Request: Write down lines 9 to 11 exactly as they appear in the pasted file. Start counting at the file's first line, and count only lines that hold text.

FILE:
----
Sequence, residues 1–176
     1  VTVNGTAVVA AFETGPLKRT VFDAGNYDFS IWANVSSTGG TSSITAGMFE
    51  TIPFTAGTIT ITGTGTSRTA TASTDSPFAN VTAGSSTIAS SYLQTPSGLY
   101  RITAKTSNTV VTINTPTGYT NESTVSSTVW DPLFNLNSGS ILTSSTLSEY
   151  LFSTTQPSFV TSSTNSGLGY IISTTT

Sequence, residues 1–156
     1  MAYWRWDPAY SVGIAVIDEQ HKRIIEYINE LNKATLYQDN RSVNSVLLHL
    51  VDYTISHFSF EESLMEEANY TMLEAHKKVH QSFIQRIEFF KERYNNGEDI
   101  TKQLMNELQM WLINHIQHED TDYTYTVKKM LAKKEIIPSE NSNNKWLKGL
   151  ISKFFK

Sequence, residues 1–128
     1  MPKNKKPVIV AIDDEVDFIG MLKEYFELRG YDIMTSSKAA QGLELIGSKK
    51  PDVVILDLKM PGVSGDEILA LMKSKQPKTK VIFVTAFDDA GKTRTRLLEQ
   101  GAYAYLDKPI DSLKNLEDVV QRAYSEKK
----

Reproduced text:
   101  TKQLMNELQM WLINHIQHED TDYTYTVKKM LAKKEIIPSE NSNNKWLKGL
   151  ISKFFK

Sequence, residues 1–128